What are Bank Recs?
We’ve talked about the importance of accounting and ensuring your company’s books are accurate, organized, and caught up. One of the critical procedures worthy of exploring further is reconciling your company’s books with your bank statements. In accounting speak, this is known as performing “bank recs”. This is done to ensure that your business’ bank activity is fully captured in your company’s records.
If possible, this process should be performed by someone who has no responsibility for handling cash or recording the activity in your company’s books. This “segregation of duties” provides an added level of control over your company’s funds. If this is not feasible, having two people involved with the process (e.g. one to prepare, one to review/approve), would be of benefit.
Diving into your records and your bank statements can be in intimidating notion. Rest assured, it’s worth it. All we are doing is looking at the activity in the cash account of your books as of a given date, and the activity on your bank statement as of that same date, and identifying what’s on one but not the other. Once each balance has been ‘adjusted’ for these items, the ensuing amounts should equal. In other words, they’ve been ‘reconciled’. The schedule used to do this is called a bank reconciliation in accounting, or ‘bank rec’.
Common Reconciling Items
Numerous differences can exist between the bank and your company’s records at a given point in time. Some are inherent in the normal course of conducting business; others are not. Here are some common examples:
Outstanding checks – These are checks issued by your company that have yet to be cashed or deposited by the recipient.
Deposits in transit – These are deposits that have been recorded by your company, but not yet credited by the bank.
Unrecorded activity – These are items that have hit the bank, but have not yet been recorded on your company’s books, or vise versa. Today’s prevalence of wire transfers, EFT’s, ACH’s, and auto-pays dictates the importance of frequently attending to your bank accounts. Ideally, bank activity should be monitored and recorded during the month (online access to most financial institutions facilitates this). The bank reconciliation process identifies what may have been missed.
Errors – Typographical mistakes and inputting of wrong amounts are examples of errors that are flushed out during the reconciliation process.
Improprieties – Improper deposits or withdrawals. This may have been intentional, unintentional, or done by the bank, an outside party, or someone internally.
How To Do a Bank Rec
Accounting reconciliation procedures are easy to perform. Create a spreadsheet that starts out listing both the cash balance of your bank account and the cash balance of your books as of a given month-end. You will also need a printout of the individual transactions reflected each on your bank account and your books for that period.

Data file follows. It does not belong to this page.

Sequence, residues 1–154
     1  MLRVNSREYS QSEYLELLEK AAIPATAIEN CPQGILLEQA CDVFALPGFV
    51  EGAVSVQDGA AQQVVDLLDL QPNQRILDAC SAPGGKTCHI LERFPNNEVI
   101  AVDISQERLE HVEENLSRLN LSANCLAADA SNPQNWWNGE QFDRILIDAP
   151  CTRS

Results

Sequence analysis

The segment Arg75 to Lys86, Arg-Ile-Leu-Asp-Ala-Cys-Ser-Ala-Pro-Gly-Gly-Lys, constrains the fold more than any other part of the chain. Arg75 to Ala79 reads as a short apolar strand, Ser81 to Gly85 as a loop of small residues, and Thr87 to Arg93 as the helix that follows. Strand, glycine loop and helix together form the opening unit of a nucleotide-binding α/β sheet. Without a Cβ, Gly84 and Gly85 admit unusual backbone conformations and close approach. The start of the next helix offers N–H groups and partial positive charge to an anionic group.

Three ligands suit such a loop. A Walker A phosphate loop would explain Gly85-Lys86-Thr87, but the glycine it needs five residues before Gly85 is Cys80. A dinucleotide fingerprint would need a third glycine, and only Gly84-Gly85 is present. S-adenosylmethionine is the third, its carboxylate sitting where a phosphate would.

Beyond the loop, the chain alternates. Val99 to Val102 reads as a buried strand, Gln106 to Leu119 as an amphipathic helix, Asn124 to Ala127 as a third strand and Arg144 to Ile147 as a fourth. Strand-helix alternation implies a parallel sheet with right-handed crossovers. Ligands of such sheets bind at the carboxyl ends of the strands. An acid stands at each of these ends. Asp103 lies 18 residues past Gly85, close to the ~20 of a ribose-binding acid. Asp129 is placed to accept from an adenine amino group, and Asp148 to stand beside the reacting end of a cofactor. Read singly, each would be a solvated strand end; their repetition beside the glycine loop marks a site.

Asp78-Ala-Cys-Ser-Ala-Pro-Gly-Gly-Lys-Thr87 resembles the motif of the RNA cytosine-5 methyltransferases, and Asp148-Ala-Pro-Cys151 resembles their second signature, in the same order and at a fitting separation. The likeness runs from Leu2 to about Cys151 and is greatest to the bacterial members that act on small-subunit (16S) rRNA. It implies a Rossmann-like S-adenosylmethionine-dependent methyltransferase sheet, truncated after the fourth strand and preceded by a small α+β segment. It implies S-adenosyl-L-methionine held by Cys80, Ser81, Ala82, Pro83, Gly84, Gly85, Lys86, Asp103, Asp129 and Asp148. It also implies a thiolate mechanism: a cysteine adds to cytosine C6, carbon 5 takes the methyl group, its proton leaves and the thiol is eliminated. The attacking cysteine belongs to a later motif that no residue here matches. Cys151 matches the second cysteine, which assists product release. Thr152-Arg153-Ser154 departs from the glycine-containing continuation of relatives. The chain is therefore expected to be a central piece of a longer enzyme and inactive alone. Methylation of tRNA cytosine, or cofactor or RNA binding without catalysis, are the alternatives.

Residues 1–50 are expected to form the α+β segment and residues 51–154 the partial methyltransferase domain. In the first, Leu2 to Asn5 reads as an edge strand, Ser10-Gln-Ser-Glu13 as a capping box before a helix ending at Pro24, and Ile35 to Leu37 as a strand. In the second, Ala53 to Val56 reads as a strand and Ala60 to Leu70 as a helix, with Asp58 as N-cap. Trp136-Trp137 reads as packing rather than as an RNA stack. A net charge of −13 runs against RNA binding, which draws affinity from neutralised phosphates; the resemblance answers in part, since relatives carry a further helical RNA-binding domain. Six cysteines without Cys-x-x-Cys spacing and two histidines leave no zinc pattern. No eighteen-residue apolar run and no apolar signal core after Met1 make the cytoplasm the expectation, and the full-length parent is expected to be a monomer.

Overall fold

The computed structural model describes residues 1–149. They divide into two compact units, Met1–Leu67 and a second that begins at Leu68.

From there, simply check off each of the transactions that appear on both reports. Items left unchecked are the ‘reconciling’ items to include on the bank rec spreadsheet. Adjust your books balance for items your company needs to record, and adjust the bank balance for activity your company has recorded but has not been reflected by the bank.
Once you have done this, the two ‘adjusted’ balances should equal, and your two sources will be ‘reconciled’.
When to Reconcile
Preparation of bank reconciliation should be, at a minimum, as of each month end. Some companies choose to prepare them after they have closed their books for the month and record any adjustments in the next month’s period. Other companies prepare the schedule before they close their books for the month so that they can record any adjustments in that period.
The latter option is the ideal practice. However, whichever timeline your company chooses, it is optimal to ensure that all cash activity is recorded in the respective month.
What if I’m behind on my books?
If you are behind on your books, it is still vital to prepare bank recs!
When doing so, be careful recording activity in periods prior to periods whose activity you have already reconciled! This will throw off the balances in the reconciliations! In other words, if you are catching up, keep track of the activity you record in prior periods so that you don’t have to ‘re-reconcile’ prior months to get back in balance.
Check out this illustrative bank account reconciliation example!
Tim Hari is a CPA with extensive experiences in public accounting and senior operational finance roles within the professional services industry. Tim provides accounting and consulting services for professional services firms and startups. He can be reached at [email protected].